The Chicago Blackhawks came into the summer with a pretty good idea of what type of salary they’d have to shed in order to survive another all-out cap purge like the one that we saw from them in the summer of 2010.
The goal was obviously to minimize the damage of the departed players while freeing up space to sign Brandon Saad. The latter has already proven a failure due to obscene contract demands, but the true trade phase of the Blackhawks’ summer has yet to actually kick in for Stan Bowman and the front office.
Bowman and the Blackhawks are slightly over the cap, with dreams of re-signing Marcus Kruger and Johnny Oduya still lingering. There is also a need for some of their younger players, such as Phillip Danault and Stephen Johnsm to transition to the NHL roster from a salary standpoint.
Which means that they still have a long way to go in order to get their financial situation in order.
Bowman is a guy known for letting things play out and taking his time before making a move. He’s not going to be forced into a trade or signing out of a knee-jerk reaction. Which is why the likes of Patrick Sharp, Bryan Bickell and Kris Versteeg have yet to find new homes. While all three aren’t a lock to depart, you’d imagine at least two will be gone.
The strong preference is that one of those is Bryan Bickell.
Bickell signed a four-year deal with a $4 million cap hit after the lockout-shortened 2013 season in which the ‘Hawks won their second of these three recent Stanley Cup titles. Bickell’s playoff performance led to an overpayment for the individual player, but it was actually below market value, given what Bickell might have been able to fetch on the open market.
With two years still left on that deal, and having served as a healthy scratch for almost the entire Stanley Cup Final against Tampa Bay, one would imagine that Bickell is the first player on the outs with the Blackhawks. But just what about him should make prospective teams interested in surrendering assets of any kind, whether player, prospect, or draft pick, for an overpaid, underperforming forward such as Bickell?
There might still be some upside in the forward. He brings impressive size to the equation, which he utilized far more this season than we’ve become accustomed to seeing from him. His 205 hits were a career high for him, and ranked him in the top-25 in the league among forwards.
That aspect alone is intriguing to teams who are looking to add more size and physicality to the mix. But Bickell has the potential to bring offensive upside that other physical forwards of his stature do not.
He finished the regular season with 28 points, with an even split between goals and assists. You’d like to see him use the size more effectively down around the net, but teams are going to be intrigued by a player who can hit and contribute offensively. This is especially true given that Bickell has managed to post some decent possession numbers over the last couple of years.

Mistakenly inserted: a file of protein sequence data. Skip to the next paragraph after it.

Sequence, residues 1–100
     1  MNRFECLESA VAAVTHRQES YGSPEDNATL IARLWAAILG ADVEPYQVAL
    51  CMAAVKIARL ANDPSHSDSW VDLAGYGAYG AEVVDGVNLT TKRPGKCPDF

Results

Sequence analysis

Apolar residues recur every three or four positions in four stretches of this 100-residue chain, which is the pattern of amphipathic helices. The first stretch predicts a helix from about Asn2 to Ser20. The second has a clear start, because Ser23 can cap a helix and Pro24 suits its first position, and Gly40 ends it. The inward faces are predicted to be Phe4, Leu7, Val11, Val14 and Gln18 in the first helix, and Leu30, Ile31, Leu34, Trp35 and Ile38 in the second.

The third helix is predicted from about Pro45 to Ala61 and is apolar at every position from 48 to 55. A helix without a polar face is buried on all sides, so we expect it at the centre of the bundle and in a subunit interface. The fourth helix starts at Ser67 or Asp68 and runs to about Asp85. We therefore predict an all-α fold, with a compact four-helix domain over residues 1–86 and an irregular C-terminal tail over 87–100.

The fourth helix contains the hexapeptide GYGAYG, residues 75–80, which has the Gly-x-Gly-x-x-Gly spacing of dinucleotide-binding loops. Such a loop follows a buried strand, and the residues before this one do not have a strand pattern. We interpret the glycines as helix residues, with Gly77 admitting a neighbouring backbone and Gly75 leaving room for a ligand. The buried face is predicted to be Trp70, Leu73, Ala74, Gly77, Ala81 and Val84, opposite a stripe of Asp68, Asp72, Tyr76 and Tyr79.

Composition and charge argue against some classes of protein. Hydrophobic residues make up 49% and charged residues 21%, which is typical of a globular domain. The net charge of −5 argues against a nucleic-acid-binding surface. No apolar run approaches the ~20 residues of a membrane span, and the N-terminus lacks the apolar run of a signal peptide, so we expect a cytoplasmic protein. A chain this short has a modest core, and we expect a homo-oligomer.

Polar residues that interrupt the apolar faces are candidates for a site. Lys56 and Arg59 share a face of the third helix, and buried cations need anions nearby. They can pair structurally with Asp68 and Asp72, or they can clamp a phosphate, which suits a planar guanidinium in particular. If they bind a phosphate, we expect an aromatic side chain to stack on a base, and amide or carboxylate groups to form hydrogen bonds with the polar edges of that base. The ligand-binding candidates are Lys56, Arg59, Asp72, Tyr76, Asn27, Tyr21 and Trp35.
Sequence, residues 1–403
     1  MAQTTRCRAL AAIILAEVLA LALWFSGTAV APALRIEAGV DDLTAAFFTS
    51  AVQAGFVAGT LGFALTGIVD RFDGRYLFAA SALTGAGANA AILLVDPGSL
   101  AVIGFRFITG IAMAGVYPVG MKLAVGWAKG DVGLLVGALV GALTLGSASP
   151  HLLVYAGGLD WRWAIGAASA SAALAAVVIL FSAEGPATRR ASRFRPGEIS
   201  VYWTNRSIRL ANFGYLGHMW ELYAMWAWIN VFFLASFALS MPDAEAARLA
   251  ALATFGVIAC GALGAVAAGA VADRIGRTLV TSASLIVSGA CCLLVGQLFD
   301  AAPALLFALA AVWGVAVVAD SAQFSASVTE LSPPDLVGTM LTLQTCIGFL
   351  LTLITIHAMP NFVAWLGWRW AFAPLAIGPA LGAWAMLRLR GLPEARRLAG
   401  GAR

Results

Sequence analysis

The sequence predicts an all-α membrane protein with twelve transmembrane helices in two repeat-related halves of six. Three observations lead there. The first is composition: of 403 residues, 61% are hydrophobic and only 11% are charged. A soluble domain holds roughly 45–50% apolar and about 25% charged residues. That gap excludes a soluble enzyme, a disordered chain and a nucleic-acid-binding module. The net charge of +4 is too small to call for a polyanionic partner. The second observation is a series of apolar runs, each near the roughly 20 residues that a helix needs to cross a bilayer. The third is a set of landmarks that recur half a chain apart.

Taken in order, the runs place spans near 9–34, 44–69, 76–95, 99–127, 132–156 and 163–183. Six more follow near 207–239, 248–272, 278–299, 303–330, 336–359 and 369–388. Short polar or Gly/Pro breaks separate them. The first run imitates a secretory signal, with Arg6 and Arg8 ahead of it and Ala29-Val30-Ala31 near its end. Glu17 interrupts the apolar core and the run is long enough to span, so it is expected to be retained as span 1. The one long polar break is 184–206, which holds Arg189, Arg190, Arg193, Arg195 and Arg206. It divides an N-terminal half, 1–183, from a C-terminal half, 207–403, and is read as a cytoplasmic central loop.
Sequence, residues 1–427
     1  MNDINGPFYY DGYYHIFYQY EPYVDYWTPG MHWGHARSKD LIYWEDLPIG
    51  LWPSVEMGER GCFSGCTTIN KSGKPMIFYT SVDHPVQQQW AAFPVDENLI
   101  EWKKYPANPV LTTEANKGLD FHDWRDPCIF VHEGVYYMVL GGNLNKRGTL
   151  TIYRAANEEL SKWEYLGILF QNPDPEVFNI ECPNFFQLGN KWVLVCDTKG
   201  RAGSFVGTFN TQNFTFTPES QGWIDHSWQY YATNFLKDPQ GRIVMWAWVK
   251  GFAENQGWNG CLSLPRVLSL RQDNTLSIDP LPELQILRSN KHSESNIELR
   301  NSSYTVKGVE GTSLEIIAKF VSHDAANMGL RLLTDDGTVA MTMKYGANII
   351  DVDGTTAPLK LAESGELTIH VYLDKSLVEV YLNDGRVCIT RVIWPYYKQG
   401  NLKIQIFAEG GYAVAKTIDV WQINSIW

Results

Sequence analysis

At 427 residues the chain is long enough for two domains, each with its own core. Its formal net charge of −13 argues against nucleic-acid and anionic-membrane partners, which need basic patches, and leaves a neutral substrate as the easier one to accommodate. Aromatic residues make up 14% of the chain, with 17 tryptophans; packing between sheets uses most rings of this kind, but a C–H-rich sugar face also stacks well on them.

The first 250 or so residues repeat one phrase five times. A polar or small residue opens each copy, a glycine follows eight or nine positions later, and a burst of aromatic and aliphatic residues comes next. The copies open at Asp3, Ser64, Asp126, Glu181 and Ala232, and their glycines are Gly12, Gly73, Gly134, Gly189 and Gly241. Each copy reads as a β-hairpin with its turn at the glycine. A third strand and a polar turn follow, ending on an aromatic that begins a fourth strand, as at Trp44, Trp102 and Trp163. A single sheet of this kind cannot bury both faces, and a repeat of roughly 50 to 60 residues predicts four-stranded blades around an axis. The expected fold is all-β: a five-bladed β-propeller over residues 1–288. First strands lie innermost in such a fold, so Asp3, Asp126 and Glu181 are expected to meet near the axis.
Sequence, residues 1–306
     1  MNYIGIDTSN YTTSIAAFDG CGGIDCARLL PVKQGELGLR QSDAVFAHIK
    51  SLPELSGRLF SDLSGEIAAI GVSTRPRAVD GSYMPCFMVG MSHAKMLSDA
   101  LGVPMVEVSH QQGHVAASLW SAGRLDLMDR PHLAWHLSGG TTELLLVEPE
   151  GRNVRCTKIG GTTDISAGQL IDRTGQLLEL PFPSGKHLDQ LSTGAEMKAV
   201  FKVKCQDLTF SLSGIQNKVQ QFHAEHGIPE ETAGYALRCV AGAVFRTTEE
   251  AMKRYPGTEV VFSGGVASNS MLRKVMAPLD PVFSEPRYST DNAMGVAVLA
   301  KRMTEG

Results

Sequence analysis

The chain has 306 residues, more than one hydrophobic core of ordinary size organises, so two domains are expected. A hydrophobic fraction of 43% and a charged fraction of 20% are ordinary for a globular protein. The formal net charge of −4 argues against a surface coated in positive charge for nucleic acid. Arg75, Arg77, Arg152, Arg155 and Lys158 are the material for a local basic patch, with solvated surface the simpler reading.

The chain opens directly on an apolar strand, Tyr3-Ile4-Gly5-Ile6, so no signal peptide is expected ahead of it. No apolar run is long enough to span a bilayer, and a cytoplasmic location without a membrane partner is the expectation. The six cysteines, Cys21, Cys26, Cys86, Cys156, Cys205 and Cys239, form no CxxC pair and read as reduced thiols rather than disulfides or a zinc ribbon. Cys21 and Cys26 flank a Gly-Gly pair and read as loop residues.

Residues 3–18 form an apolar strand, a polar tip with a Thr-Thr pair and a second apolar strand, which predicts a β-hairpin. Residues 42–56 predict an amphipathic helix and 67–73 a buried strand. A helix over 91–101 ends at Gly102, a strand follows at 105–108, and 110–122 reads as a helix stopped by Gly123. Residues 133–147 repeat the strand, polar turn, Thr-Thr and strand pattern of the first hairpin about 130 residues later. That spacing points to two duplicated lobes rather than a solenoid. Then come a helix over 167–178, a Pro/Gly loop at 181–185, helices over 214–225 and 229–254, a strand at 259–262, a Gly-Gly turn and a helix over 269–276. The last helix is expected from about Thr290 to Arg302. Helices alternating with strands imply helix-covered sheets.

In 2014-15, Bickell finished with a CF% of 54.2 at even strength, and 52.4 overall. Over the last two years combined, since Bickell saw that increased role, he’s at 55.6% in that category at even strength play.
He certainly benefited from over 45 percent of his zone starts this season coming in the offensive zone, which was a career mark. But while he doesn’t post tremendous offensive numbers, his lines typically have the ability to maintain possession in the offensive zone, which is a positive attribute.
Bickell may not be as appealing a trade candidate as Patrick Sharp, in looks or in level of play. He may not even be as intriguing as Kris Versteeg.
But with the physicality he brings to the mix, combined with that offensive upside, he’s an intriguing quantity in his own right. A team is going to want to take a chance on that, though it’ll likely require a surrendering of minimal pieces, such as a late round draft pick, given the postseason performance off of which Bryan Bickell is coming. Then it becomes a matter of whether the Hawks will be forced to maintain salary or not.
When it comes down to it, though, it’s likely not a matter of Stan Bowman and the Blackhawks not being able to move Bickell, but a matter of trying to find the right match and retaining the minimal amount of salary, if any. If they want to move him, it can be done. There are enough teams out there looking for size that will take a chance on a change-of-scenery candidate, like Bickell.